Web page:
As the cheapest Blu-ray player, the $399 PS3 certainly stands to do well amongst the home enthusiast crowd, the people who are very much infatuated with the number of p's in their video content. However, senior vice president of marketing at Sony Computer Entertainment America, Peter Dille, thinks this "broader entertainment experience" even appeals to to the all-important "moms." He suspects that if "she knows the whole family's going to get some lifestyle value out of this and not just the gamer in the house, it becomes a ... better value proposition."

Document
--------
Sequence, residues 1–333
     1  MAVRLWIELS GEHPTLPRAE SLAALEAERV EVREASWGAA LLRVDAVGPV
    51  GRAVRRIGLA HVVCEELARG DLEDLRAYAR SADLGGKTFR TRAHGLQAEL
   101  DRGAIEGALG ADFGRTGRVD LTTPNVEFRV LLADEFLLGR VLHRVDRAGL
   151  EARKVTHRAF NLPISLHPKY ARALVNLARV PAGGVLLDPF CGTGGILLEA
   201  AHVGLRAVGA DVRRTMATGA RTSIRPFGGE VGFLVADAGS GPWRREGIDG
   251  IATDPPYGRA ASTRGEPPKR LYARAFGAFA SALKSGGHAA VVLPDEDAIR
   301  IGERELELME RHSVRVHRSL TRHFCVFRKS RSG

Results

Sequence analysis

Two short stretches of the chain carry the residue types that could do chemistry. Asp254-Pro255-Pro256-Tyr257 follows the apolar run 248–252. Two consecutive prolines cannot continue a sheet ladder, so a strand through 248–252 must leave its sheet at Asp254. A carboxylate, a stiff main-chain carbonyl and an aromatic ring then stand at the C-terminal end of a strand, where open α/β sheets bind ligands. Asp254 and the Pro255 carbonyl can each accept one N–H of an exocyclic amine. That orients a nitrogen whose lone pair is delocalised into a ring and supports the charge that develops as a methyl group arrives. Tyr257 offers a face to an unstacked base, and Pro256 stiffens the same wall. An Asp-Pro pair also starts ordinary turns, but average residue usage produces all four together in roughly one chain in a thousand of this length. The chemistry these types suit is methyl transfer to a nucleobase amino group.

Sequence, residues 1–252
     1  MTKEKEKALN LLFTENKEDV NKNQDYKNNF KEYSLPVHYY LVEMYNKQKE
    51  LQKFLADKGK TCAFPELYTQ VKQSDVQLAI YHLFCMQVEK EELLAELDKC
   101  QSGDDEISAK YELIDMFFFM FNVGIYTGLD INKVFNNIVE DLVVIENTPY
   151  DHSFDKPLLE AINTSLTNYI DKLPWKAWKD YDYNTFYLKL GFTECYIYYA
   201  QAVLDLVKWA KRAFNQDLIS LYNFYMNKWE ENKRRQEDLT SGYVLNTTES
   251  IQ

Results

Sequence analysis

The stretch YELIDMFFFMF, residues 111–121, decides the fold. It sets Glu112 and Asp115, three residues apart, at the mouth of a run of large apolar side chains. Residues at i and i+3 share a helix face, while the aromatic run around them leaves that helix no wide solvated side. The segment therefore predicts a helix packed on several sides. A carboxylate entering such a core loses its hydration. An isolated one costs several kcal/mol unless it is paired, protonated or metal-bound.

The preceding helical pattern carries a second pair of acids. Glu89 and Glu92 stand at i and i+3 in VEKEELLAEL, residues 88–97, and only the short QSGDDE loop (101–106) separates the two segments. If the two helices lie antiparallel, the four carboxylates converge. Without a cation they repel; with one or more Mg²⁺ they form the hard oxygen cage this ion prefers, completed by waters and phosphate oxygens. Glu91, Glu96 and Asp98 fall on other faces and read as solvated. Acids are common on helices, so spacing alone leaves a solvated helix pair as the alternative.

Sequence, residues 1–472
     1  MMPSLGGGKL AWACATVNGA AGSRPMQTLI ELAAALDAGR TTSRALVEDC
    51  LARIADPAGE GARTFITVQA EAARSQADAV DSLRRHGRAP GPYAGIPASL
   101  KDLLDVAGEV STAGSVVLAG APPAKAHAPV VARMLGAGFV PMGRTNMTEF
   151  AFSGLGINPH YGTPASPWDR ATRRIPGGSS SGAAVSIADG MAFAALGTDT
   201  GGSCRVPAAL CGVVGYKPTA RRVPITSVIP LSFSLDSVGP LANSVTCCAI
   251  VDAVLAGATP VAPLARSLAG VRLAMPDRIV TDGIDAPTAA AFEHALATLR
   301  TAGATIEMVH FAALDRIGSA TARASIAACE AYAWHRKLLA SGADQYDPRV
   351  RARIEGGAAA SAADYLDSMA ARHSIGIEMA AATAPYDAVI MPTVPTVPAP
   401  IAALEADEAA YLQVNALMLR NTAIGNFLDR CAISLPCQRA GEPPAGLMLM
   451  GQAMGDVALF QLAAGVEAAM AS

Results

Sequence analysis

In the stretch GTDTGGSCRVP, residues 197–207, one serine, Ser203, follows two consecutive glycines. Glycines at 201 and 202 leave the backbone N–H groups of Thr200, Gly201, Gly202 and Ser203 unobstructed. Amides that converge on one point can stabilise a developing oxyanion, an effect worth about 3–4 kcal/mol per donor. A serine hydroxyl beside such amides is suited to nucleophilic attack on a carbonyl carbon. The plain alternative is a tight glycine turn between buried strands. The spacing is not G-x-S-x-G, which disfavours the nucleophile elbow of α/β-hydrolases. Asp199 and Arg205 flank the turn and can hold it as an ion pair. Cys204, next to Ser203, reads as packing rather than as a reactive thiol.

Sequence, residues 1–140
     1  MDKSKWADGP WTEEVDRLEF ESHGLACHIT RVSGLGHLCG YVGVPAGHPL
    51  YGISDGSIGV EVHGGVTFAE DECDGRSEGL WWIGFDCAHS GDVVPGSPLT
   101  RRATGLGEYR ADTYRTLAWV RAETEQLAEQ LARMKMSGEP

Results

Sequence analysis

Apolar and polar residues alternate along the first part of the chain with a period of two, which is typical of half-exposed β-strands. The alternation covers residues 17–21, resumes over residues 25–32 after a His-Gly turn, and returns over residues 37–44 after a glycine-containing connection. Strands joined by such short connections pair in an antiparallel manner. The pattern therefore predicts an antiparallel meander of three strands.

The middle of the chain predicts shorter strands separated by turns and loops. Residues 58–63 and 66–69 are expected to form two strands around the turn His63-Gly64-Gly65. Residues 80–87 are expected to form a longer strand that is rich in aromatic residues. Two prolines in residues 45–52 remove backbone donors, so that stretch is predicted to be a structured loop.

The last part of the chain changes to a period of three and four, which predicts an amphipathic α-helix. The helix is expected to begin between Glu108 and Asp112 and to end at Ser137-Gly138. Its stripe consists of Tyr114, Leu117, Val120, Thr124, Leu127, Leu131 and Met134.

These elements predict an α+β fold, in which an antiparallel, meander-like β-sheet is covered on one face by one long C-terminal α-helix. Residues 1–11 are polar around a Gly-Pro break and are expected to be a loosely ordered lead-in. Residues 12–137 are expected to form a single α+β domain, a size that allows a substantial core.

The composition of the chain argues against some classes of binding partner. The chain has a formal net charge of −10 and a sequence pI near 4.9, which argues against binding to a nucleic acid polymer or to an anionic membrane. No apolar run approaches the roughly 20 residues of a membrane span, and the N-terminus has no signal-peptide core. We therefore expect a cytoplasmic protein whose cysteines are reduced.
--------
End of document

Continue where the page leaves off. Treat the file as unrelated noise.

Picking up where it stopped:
Unfortunately, this proposition hinges on several other technological factors. Does mom have an HDTV? Can she tell the difference between a Blu-ray and a DVD? With the latter format still effortlessly bulldozing HD-DVD's and Blu-ray's minute battlefield, it seems too early to play the "It plays HD movies!" card as a means of broadening the audience. If Halo 3 and Wii Sports are any indication, games are still the most effective console salesmen. Is exchanging third place in one market (where moms are already spoken for) for a number one spot in a niche really the solution?
[Via Evil Avatar]